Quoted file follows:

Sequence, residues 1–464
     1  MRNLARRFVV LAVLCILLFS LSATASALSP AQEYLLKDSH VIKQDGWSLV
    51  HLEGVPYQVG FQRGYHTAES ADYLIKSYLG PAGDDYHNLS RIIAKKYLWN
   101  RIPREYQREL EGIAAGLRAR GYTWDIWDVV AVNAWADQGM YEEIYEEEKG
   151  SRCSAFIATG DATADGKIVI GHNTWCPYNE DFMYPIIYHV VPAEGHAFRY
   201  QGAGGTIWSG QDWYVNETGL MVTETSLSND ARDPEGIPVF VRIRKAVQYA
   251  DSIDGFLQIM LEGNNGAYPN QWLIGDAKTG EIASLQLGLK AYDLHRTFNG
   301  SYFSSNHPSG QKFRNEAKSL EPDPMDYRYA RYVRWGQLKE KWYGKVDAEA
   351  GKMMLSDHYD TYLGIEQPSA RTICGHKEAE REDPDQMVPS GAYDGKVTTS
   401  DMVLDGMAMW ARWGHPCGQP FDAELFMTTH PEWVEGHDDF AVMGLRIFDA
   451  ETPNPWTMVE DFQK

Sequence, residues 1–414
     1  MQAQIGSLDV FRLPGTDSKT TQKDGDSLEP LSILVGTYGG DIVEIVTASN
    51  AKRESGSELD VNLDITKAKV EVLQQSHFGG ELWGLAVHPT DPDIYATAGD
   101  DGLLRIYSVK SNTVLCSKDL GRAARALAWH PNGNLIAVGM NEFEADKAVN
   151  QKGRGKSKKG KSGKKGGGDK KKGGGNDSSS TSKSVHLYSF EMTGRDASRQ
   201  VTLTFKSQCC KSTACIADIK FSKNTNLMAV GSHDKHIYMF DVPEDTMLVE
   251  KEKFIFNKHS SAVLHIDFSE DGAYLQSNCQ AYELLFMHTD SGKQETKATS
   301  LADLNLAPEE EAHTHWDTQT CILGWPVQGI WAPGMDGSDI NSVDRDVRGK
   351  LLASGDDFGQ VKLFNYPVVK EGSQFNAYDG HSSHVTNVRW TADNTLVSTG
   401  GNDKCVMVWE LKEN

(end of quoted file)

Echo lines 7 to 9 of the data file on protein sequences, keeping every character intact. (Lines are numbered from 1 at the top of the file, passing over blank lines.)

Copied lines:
   251  DSIDGFLQIM LEGNNGAYPN QWLIGDAKTG EIASLQLGLK AYDLHRTFNG
   301  SYFSSNHPSG QKFRNEAKSL EPDPMDYRYA RYVRWGQLKE KWYGKVDAEA
   351  GKMMLSDHYD TYLGIEQPSA RTICGHKEAE REDPDQMVPS GAYDGKVTTS